When my wife and I drove to church Sunday morning, I was impressed with the dozen or more bucket trucks sitting in the parking lot of the Gaithersburg Holiday Inn, thinking I should call the television stations as a potential story for them to film. I didn’t, but I was no longer impressed by yesterday’s sight when I saw Channel 4’s story today about noon from Gaithersburg, just across the street from the Holiday Inn. The Montgomery Country Fairgrounds seemed to have over a hundred bucket trucks, making the Holiday Inn parking lot scene look insignificant.

These pre-positioned contractors would likely have reduced the duration of the outages, just as the relative timing of the two storms, the tree trimming programs, and the relative strengths of the two storms likely contributed to the reduced fraction of customers who reported any outages and the increased fraction of customers who reported no outages at all.

Pre-positioning contractors comes with a cost.  The contractors I saw at the Holiday Inn were in the DC area two days before Hurricane Sandy hit.  Some of that time might have been non-productive.  Some of the time might have been used for additional tree trimming and other normal on-going work that utilities do on a routine basis.  Even the contractors shown on TV seem to have been pre-positioned a day ahead of time.  In contrast, the derecho was not anticipated and contractors generally travelled during the first day after the derecho hit instead of one or two days before Hurricane Sandy hit.

 

Socializing the Grid

A friend sent me a message overnight that asked me, since my friend says I have an understanding of utility issues, to identify the misstatements in a 2009 January 15 article “Browner: Redder than Obama Knows” by Steven Milloy. http://www.foxnews.com/story/0,2933,480025,00.html   My response is below.  Now, as I am posting this to my blog, I realize that the article is over two years old.  When I began writing my response, I had focused on the January 15 and thought that I was only 11 days behind the time instead of two years.  Oh, well.  The interest in the article is current even if the article isn’t.

Before I talk about the Fox article, “Browner: Redder than Obama Knows”, let me talk a little about the socializing of the electric system, an issue I have been trying to correct for over twenty years.

Electric systems improve reliability by increasing the number of generators connected to the grid.  More generators with enough capacity and we are more likely to have enough electricity for everyone.  Electric generators have great economies of scale.  Larger units mean less steel and concrete per KW or KWH.  Perhaps more importantly, fewer power plant employees.  Manning an operating room 24×7 for a 2,000 MW plant takes not many more people than for a 300 MW plant.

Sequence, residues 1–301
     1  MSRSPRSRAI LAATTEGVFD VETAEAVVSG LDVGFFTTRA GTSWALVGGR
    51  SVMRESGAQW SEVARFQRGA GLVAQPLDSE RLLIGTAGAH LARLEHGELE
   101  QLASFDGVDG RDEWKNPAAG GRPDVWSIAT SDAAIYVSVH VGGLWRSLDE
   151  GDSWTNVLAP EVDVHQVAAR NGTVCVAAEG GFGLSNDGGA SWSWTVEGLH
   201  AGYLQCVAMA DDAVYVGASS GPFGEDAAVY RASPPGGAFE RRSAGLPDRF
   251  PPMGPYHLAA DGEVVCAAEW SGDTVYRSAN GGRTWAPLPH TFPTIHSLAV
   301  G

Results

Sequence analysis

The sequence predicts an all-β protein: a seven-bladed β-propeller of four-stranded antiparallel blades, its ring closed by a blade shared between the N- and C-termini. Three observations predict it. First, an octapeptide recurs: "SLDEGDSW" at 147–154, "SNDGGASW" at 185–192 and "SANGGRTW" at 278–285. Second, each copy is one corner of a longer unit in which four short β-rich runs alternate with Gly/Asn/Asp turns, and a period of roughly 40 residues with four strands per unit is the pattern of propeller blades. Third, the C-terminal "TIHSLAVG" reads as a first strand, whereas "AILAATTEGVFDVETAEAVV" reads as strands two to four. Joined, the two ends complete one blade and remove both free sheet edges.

So, eighty years ago electric systems were in a quandary.  To maintain high reliability, electric systems needed more units.  To keep costs low and improve profit margins relative to a fixed price, electric systems needed larger units.  So the trade off was between more, therefore smaller, units versus larger, therefore fewer, units.  The solution was to interconnect with one’s competitors which increased the number of units connected to the grid and allowed utilities to build larger, less costly, units.  In the summer of 1969 and from 1971 to 1976 I worked for American Electric Power (AEP).  In perhaps ten years times, AEP went from building 280 MW generators, to 800 MW, to 1300 MW, being able to achieve those economies of scale by having more interconnections with its neighbors than almost any other utility in the US.

Those interconnections created a form of socialism.  The utilities did not figure out how to charge each other for the increased reliability provided by the interconnection.  Reliability came to be considered to be a public good, not to be charged for.  Reliability regions created rules for their interconnected utilities, such as having a 20% reserve margin for each utility or having spinning reserves equal to the size of the largest unit.  If we assume only the 20% reserves, then a very small utility could build one large unit to enjoy the economies of scale and rely on the large number of interconnected units for reliability.  If an industrial facility builds and operates a cogeneration plant (whose per KWH fuel costs because of the steam usage is half of the per KWH cost of a conventional plant), then the industrial facility will not want to have a spinning reserve requirement that reduces the generation by on the cheapest unit on the system.